Functions
Calculator++ has numerous functions (we haven't counted them yet), which are all computed to arbitrary precision. The default "low" precision is 128 decimal digits, but can easily be set to millions of digits or more by the user.

Scientific: trigonometric (inverse and hyperbolic), logarithmic, exponential (bases 2 through 36 and base e), etc.

Algebraic: square, cube, nth power, square root, cube root, nth root, percentage, etc.

Factorial: factorial, permutations, combinations

Statistics: mean, sum of squares, standard deviation, process capability, etc.

Binary: and, or, xor, not, left shift, and the inverses.

Memory: last, X↔Y, X↔M, M+, MS, etc. with standard singlevariable memory, and unlimitedvariable memory using statistics data storage

More...
Bases
Bases 2 (binary) through 36 (hexatrigesimal) are supported everywhere for all features. Period.
Since this is unique to Calculator++, we'll elaborate.

All display formats are displayed in the current base. Yes, even degreesminutesseconds.

Floating point (real) numbers are displayed in the current base, including the fractional portion. Yes, that's correct.

Exponents are entered and displayed in the same base as the mantissa. Your eyes don't deceive you. You read it correctly.

Results of unit conversions are displayed in the current base.

Statistical data are displayed in the current base.

In fact, the result of all functions are displayed in the current base.

Arbitrary precision works for all bases.
Display Format
Currently, Calculator++ supports six display formats; floating point, fixed point, scientific, engineering, degreesminutesseconds, and hoursminutesseconds. Here's a brief description of each:

Floating Point: Unless the decimal point won't otherwise be displayed, all digits and the decimal point are displayed.
Example: 12345.6789

Fixed Point: Unless the decimal point won't otherwise be displayed, all whole number (integer) digits, the decimal point, and the userspecified number of fraction digits are displayed.
Example: User sets 2 fixed digits: 12345.68

Scientific: The most significant digit, followed by the decimal point and as many fraction digits will fit in the display ended with "e" and the exponent.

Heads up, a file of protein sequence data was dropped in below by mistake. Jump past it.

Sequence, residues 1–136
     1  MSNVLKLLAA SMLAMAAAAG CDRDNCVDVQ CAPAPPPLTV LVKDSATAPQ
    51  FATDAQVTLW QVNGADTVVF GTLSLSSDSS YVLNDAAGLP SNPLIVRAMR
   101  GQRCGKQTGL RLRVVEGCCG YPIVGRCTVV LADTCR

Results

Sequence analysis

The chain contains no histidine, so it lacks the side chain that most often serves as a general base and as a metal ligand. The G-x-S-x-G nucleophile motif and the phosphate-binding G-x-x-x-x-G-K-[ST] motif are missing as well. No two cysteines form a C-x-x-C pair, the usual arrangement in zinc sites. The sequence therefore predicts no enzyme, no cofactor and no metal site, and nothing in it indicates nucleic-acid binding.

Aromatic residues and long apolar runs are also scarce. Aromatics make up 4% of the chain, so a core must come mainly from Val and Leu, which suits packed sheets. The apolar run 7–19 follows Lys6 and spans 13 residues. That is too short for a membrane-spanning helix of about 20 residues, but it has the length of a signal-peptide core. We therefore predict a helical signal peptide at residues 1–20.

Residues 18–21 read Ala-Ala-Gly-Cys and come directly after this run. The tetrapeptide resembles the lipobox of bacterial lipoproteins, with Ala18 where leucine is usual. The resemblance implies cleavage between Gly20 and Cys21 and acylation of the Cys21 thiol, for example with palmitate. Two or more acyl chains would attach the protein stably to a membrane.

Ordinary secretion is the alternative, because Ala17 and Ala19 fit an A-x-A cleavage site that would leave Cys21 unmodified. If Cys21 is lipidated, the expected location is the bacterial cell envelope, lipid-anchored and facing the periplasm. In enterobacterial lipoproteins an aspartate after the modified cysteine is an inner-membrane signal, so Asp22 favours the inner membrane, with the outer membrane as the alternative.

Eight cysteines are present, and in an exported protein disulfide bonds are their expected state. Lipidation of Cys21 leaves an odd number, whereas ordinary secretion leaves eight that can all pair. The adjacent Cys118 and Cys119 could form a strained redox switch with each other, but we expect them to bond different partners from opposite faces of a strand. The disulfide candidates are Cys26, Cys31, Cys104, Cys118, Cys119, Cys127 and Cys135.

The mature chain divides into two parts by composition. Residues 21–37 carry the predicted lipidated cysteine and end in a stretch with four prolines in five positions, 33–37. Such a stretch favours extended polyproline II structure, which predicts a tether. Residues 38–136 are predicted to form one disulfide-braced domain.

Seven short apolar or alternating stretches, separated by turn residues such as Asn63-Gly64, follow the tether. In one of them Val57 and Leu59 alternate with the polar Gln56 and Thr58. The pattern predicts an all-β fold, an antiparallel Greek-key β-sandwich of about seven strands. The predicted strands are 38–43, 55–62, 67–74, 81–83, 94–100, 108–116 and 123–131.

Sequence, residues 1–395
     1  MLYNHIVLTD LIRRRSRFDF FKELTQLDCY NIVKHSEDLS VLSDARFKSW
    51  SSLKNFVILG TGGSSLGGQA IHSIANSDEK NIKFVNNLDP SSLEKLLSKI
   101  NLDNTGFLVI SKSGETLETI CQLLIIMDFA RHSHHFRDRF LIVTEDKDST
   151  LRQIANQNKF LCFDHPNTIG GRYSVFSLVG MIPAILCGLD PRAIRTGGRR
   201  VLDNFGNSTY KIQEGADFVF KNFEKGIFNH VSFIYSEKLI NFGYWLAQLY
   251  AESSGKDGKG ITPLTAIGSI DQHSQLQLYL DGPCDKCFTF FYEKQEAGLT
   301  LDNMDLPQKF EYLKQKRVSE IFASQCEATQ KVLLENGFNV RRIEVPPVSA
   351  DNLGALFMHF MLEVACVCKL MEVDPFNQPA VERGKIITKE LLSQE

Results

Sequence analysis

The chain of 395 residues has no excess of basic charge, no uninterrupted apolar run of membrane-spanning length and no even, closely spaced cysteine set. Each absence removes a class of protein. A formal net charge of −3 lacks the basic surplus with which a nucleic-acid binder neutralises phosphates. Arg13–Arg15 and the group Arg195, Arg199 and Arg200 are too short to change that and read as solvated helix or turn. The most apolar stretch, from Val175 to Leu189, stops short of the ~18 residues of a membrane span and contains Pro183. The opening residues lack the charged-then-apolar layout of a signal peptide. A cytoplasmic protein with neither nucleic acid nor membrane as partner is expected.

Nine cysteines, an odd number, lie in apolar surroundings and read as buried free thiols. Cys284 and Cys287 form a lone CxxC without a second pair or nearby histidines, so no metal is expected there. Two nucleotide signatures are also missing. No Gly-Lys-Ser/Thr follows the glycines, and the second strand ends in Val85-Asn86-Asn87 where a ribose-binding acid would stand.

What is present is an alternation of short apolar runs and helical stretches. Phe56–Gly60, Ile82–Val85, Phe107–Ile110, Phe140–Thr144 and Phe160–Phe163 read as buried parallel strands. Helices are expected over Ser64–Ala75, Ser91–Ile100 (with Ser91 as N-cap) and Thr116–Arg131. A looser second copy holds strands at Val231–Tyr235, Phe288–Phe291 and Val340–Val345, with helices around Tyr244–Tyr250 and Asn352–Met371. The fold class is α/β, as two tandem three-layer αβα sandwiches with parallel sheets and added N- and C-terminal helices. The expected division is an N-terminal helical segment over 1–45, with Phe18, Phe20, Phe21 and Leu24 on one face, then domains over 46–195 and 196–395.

Example: 1.23456789e+4

Engineering: The most one to three significant digits, followed by the decimal point and as many fraction digits will fit in the display ended with "e" and the exponent. The exponent is always a multiple of three.
Example: 12.3456789e+3

DegreesMinutesSeconds: The whole number (integer) digits, followed by the degree symbol, the number of minutes (059), the minutes symbol, the number of seconds (059), the seconds symbol, then any fractions of seconds.
Example: 12345°40'44"04

HoursMinutesSeconds: The whole number (integer) digits, followed by a colon, the number of minutes (059), a colon, the number of seconds (059), the decimal point, then any fractions of seconds.
Example: 12345:40:44.04
Unit Conversion
Currently, Calculator++ supports over 20,000 units in over 20 categories for conversion. Original and converted values are kept in separate displays. This is handy when converting a value to different units. Currency data used for conversions are downloaded from five highly respected original data sources; not thirdparty distributors. This extensive list will continue to expand, so be sure to return to this site for updates.
Precision
Calculator++ does not use approximations of constants for calculations, as is customary for every other conversion calculator we've seen so far. When a constant has digits that inherently are within a margin of error, the margin of error digits are truncated. Thus, when converting a unit, the result is accurate to the precision specified by the user. For example, converting from 80 kilometers to miles, with precision set to the default "low" of 128, the result, 49.709695378986717569394734749065457726875049709695378986717569394734749065457726875049709695378986717569394734749065457726875050, is accurate to all 128 digits, though only 49.709695378986717569394734749065457726875049709695378986717569394734749065458 will display. It is rare for any other calculator to be accurate to even the displayed value in Calculator++. We're still looking for examples, and haven't found any yet.
Logic
Simple Algebraic Notation, Algebraic Notation, and Reverse Polish Notation (RPN) are currently supported.
Platforms
Calculator++ is written in 100% Java. It should run fine on platforms which fully support Java 6 or later. So far, it has been tested on Windows, Linux, Mac OS X, and Solaris.